On the way back to Memphis I passed through Georgetown, Mississippi, a town which is largely abandoned, although people still seem to live there. Although I could find nothing about the town’s history, certain clues suggest that it was an early 20th-century company town, notably the divided boulevard called Railroad Avenue, as well as the perfect street grid which is not common in Mississippi. Finally, there is a railroad engine at the highway crossroads surrounded by an iron fence and bearing the name of a gravel company. Perhaps Georgetown was the company town and headquarters for the gravel company. At any rate, the gravel must have played out, and Georgetown now is virtually a ghost town.
At the confluence of the Ohio and Mississippi Rivers sits Cairo, Illinois, a historic river town that the cruise lines no longer visit, at least in part because of complaints from passengers. Cairo today is nearly a ghost town, its broad Commercial Street almost completely razed. What few buildings remain are largely abandoned, and passengers disliked the eerie feel of the town built to house 20,000 people where only 3000 reside today. With such historic buildings as Riverlore mansion, built in 1865, the Customs House museum, or Fort Defiance, which is directly at the confluence, Cairo still has some points of interest, but the town is largely in shambles due to a eight-year shooting war between its white and Black communities from 1967-1975. Blacks refused to buy from Cairo businesses as a matter of principle. Whites preferred to shop where there weren’t fires, bombings and snipings, so they also stayed away, and the end result was that nearly every restaurant and retail business closed. In recent years, there have been efforts to rejuvenate the town, and to heal race relations in Cairo, but the lack of jobs and the extreme poverty have thwarted efforts at any renaissance. The historic buildings on Commercial Street, neglected since the 1960’s, have collapsed one by one. Furthermore, while the picketing, marching, boycotting and shooting stopped in the early 1970’s, the mysterious fires did not, and buildings and houses continue to burn in Cairo, under circumstances that suggest that multiple arsonists may be at work. Cairo is a sad story, a cautionary tale to America of what happens when people are stubbornly racist and refuse to reconcile.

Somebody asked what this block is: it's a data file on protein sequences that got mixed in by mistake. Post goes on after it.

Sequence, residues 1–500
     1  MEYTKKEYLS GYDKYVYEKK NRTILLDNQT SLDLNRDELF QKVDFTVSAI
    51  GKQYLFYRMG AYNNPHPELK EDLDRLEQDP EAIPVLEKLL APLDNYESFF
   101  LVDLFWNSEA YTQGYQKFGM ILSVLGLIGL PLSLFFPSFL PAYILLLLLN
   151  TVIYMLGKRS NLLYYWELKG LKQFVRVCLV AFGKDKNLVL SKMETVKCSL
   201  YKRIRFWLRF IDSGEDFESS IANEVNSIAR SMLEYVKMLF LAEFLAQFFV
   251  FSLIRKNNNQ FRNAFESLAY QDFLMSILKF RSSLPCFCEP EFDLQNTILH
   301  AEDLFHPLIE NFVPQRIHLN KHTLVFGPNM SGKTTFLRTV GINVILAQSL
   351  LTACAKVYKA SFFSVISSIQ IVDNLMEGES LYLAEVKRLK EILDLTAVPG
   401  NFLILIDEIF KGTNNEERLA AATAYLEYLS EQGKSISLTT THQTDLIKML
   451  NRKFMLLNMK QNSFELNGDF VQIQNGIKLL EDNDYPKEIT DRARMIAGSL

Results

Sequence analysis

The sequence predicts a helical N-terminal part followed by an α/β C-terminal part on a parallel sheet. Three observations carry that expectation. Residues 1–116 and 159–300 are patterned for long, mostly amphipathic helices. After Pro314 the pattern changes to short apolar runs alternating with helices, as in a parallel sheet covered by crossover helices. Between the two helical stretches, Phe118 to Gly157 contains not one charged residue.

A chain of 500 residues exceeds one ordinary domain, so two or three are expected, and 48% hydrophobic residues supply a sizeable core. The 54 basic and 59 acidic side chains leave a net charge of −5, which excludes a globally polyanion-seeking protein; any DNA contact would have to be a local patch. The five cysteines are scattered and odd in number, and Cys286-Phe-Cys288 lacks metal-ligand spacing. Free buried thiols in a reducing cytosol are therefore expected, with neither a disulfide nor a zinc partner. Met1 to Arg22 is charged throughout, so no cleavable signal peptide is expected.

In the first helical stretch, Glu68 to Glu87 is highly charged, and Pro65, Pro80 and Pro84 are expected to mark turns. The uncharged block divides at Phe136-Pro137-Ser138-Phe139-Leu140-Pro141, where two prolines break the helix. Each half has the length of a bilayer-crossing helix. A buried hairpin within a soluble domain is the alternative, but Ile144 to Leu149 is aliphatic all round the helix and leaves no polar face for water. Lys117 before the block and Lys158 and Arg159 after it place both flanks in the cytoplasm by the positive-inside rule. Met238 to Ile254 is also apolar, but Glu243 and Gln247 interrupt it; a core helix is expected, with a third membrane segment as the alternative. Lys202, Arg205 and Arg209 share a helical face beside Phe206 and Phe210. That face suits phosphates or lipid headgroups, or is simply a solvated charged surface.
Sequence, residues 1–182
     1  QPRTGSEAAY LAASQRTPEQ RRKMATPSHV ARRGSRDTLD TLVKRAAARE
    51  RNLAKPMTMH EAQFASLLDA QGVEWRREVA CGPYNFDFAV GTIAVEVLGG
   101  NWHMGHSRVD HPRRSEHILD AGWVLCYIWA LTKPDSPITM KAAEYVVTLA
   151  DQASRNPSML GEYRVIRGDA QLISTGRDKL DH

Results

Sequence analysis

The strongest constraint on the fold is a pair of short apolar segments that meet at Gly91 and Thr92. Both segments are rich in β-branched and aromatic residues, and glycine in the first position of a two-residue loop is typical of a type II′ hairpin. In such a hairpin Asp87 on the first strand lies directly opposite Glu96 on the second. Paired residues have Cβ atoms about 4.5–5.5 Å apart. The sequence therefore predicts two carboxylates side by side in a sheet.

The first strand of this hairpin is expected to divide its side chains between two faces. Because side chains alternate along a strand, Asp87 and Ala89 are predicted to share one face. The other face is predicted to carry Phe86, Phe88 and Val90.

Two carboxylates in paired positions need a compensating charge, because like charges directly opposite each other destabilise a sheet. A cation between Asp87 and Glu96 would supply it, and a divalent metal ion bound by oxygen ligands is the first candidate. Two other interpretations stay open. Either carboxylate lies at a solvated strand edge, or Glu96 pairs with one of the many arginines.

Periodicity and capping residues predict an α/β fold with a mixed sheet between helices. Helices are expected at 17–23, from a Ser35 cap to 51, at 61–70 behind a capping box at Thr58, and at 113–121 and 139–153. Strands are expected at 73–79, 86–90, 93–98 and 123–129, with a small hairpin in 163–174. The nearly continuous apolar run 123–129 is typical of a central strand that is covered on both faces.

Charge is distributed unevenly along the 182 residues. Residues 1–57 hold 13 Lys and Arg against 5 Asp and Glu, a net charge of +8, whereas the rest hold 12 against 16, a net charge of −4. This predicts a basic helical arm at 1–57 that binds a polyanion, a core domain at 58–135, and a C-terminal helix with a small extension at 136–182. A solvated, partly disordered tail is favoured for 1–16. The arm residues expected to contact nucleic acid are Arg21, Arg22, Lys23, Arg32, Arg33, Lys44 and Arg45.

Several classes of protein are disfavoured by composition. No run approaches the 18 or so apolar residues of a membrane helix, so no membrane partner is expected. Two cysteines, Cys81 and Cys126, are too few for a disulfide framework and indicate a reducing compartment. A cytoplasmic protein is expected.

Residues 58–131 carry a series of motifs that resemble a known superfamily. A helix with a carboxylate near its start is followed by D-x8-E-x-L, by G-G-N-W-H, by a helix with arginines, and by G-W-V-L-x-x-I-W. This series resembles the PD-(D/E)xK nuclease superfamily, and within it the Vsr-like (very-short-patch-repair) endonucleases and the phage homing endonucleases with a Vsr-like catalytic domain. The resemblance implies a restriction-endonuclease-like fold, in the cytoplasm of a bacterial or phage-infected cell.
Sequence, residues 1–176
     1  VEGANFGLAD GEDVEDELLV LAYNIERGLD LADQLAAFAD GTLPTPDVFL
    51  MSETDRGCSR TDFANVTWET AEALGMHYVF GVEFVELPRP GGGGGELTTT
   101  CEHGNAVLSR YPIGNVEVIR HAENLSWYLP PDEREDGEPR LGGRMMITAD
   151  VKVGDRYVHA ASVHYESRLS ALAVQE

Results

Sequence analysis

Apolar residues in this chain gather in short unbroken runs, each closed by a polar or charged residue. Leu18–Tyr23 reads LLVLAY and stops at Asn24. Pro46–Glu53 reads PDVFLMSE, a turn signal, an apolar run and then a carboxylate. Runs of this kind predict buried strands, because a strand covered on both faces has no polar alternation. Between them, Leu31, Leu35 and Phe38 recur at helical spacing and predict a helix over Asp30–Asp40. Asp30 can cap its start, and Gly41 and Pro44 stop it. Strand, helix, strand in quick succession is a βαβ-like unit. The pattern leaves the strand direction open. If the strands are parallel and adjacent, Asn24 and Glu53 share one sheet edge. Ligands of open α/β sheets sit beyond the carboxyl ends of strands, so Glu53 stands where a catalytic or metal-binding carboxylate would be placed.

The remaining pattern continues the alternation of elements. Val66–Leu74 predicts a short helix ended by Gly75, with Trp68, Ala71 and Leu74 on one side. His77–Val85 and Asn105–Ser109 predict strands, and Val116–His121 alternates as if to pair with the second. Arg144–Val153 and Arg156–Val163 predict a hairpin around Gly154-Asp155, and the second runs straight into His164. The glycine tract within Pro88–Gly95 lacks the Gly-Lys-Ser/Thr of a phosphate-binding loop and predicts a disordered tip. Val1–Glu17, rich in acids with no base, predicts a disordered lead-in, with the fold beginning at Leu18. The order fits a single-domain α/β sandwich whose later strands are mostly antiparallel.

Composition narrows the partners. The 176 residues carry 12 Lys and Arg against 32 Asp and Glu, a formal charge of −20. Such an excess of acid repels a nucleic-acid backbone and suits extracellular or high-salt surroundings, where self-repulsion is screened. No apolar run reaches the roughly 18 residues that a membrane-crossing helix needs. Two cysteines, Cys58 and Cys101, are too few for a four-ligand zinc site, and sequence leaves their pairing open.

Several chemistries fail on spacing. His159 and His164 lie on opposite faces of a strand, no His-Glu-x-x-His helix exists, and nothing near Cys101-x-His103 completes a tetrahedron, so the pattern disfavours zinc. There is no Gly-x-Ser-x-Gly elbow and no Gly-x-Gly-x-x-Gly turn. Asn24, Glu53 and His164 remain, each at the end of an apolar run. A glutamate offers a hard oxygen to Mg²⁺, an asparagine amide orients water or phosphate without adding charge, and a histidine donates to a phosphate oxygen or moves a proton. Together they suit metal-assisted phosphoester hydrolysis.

Although I was in Louisiana for Grambling State University homecoming 2011, the nearest hotel I could get a room in was at Monroe, Louisiana, 30 miles away. When I got to Monroe, I came upon this old, seemingly-historic building at 10th and DeSiard. Signs indicated that it once housed the 10th Street Social Club, the Standard Life Insurance Company of Louisiana, the Monroe Free Press (an African-American newspaper), Eddie’s Place and Hilliard’s Cafe. A sign at the entrance to the 10th Street Social Club stated that any women with weapons would be turned over to the police! The 1965 Monroe City Directory indicated that the building was the Roy-Miller Building, and that it was the site of a number of important businesses, clubs and professional offices for the African-American community in Monroe. It is a tragedy that it has been allowed to deteriorate.
McNeil High School was the school for Black students in Crawfordsville, Arkansas before integration, and later was part of the consolidated Crawfordsville High School, but Arkansas state law forced Crawfordsville to abolish its school district because of declining enrollment, and the school campus is now abandoned. A large tree has fallen on a portion of the building, perhaps during one of the many tornado outbreaks this spring.